Nvidia’s way is the CUDA way and the true fact is that a lot of coding and optimization work is needed to fully enjoy the performance of Nvidia’s Tesla cards. HPC clients might see Intel’s easier Xeon Phi coding as a way to reduce the cost of software coding that needs to be done.
Make sure you check out our first
parts of our GPU compute analysis.
On the other hand, HPC clients really care about performance. We have a hard time deciding whether software coding money savings are more important than the end performance of the installation.
We’re inclined to believe that, in the HPC or supercomputing world, money is usually not an issue and, more importantly, the small amount of money that software porting and optimization represents is not as important when compared with the total cost of the hardware and implementation.
Considering that we’re talking about tens of thousands of dollars worth of man-hours doing coding and optimization, the client paying for the server might give Intel’s Xeon Phi a thought if the performance was the same.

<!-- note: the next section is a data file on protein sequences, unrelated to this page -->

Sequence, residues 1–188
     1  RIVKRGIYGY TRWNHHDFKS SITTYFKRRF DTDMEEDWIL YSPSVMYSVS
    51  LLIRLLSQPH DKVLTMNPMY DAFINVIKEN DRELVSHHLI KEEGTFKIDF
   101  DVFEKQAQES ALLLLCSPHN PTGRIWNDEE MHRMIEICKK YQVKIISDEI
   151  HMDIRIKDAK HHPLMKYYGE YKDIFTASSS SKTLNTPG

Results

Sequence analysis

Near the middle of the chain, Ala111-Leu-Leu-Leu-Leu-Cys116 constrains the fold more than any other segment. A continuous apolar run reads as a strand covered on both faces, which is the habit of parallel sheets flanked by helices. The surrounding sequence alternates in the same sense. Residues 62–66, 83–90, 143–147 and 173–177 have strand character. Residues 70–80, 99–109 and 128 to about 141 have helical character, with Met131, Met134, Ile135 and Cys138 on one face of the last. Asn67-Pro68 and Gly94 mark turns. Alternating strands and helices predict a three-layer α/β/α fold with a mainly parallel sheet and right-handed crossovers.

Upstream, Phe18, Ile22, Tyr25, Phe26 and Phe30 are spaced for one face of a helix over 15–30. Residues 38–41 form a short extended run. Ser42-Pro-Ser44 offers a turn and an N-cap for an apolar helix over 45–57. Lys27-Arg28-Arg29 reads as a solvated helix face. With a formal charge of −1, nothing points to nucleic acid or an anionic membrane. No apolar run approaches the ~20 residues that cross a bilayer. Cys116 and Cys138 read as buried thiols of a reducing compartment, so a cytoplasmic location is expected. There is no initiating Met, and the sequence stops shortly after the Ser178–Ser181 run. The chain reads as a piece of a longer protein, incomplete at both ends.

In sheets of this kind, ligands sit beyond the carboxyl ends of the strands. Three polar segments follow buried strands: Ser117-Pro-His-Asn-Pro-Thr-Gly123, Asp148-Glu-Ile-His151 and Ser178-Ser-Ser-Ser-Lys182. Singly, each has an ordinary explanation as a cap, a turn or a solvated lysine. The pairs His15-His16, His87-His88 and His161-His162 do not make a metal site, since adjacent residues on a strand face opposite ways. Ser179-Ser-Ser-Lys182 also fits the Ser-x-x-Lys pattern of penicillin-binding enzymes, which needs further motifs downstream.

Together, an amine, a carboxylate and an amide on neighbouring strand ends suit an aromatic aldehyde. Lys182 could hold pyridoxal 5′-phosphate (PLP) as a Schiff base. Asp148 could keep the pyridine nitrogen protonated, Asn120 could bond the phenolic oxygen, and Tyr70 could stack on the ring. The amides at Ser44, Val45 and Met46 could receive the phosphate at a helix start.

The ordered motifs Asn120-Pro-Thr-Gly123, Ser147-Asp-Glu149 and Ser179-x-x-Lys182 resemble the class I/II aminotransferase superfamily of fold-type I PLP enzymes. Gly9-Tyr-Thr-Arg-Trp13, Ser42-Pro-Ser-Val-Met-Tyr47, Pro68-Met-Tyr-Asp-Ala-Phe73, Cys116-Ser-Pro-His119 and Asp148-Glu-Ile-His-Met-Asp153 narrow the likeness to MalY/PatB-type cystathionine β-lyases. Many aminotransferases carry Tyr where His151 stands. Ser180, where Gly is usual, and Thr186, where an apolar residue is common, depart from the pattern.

However, the performance is not going to be the same. If Nvidia achieves its targets with the GK110 GPU, the DP F64 performance will be almost twice what Intel’s Xeon Phi brings to the table.
Some might wonder what the point in going for Kepler now is. Why not wait for Xeon Phi or Tesla K20?
The answer is that, if you want your supercomputer ready at the end of this year, you can safely go with Nvidia’s Tesla K10 that’s based on the new Kepler architecture.
Sure, there is more CUDA programming to do, but you’ll be able to have you server ready much earlier than if you did, should you have waited for Xeon Phi or Tesla K20.
Having the final installation ready faster is only one of the advantages Tesla K10 offers.
The second advantage is that, if you’ve ported your applications in CUDA and you’ve already had them optimized for the Kepler architecture, you can simply swap the Tesla K10 card with the K20 models when they hit the market.
Once this upgrade is finalized, your supercomputer will likely have 30 times the DP FP64 raw computing power compared with the initial Kepler K10 installation, and more than 3 times the raw power of a similar Xeon Phi installation.
There is nothing Intel can do this year or the next that would allow it to achieve a doubling of Xeon Phi’s DP FP64 performance and, from a pure performance standpoint, Nvidia’s GK110 is a definite winner.
Once we factor in AMD’s GCN, we’ll clearly see why Nvidia’s Tesla is being squeezed hard in the HPC market, but this will follow in the sixth part of our GPU compute analysis.